preparation and draping of the entire injured extremity drape contralateral uninjured lower or upper extremity (autogenous vein graft) extremity incisions: longitudinal, directly over the injured vessel, extended proximally or distally as necessary Proximal and distal arterial control is obtained prior to exposure of the injury endoluminal balloon occlusion: when proximal control of the traumatized vessel is problematic, place under fluoroscopic guidance for temporary control

16 Treatment of Arterial Injuries: Operative Management
debride injured vessels to macroscopically normal arterial wall remove any intraluminal thrombus with Fogarty catheters (proximal and distal to the arterial injury) Flush with heparinized saline solution: proximal and distal arterial lumina Systemic heparinization: prevent thrombosis or thrombus propagation (if systemic anticoagulation not contraindicated) Consider temporary intraluminal shunting: debridement, fasciotomy, fracture fixation, nerve repair, or vein repair, before arterial reconstruction, in controlled setting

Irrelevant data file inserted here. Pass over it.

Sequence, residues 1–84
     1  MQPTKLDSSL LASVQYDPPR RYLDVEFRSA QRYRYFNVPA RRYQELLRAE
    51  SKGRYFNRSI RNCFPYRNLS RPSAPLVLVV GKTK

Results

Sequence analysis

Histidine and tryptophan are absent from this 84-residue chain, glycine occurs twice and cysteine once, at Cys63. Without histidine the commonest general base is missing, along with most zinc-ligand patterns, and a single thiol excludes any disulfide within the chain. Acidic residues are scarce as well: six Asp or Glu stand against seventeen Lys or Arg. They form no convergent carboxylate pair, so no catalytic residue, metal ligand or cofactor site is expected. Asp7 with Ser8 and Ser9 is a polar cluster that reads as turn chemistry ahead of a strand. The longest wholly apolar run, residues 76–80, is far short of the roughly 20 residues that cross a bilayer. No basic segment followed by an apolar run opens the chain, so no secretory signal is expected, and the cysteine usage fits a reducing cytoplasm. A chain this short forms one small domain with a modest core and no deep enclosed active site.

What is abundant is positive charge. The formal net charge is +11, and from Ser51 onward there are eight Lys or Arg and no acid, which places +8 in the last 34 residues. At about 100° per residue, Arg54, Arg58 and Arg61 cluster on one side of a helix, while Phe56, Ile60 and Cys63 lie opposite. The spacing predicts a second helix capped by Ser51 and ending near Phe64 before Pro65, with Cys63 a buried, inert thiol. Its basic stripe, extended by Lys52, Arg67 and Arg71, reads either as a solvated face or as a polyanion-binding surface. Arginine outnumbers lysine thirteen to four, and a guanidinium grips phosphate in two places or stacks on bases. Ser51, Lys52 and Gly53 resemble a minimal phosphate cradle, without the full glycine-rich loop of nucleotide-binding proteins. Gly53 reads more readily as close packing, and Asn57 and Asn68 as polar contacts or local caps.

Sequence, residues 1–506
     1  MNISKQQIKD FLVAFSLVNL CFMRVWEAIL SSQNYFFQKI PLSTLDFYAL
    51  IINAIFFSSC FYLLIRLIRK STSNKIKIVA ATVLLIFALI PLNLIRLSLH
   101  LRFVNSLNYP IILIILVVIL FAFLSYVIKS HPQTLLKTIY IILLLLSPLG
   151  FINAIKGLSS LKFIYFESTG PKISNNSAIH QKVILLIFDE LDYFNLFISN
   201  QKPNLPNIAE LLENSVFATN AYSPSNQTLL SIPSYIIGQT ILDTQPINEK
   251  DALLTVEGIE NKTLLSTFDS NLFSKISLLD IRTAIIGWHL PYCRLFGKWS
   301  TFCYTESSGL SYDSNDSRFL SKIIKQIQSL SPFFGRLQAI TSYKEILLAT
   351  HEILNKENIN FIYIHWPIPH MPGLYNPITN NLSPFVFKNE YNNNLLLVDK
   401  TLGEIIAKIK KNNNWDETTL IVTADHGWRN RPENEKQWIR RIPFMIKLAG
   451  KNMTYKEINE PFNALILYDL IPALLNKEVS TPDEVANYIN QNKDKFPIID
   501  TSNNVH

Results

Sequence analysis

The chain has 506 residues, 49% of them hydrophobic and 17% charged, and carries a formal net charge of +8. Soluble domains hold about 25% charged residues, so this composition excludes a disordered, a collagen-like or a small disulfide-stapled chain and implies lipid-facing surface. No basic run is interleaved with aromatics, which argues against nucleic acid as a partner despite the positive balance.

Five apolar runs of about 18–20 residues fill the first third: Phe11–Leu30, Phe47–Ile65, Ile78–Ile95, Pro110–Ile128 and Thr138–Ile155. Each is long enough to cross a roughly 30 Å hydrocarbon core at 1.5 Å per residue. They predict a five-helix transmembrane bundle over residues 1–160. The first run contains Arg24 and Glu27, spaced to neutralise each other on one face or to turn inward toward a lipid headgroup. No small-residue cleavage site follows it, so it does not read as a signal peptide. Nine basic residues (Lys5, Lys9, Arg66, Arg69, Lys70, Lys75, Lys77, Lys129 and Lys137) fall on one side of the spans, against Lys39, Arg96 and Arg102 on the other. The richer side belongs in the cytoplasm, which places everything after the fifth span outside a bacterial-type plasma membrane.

17 Treatment of Arterial Injuries: Operative Management
Types of Repair lateral suture patch angioplasty end-to-end anastomosis interposition graft bypass graft Extra-anatomic bypass graft (sepsis or extensive soft tissue injury) Autogenous vein graft, PTFE Monofilament 5-0 or 6-0 sutures repairs tension free covered by viable soft tissue (flaps if needed) Intraoperative completion arteriography Intra-arterial vasodilators (papaverine or tolazoline)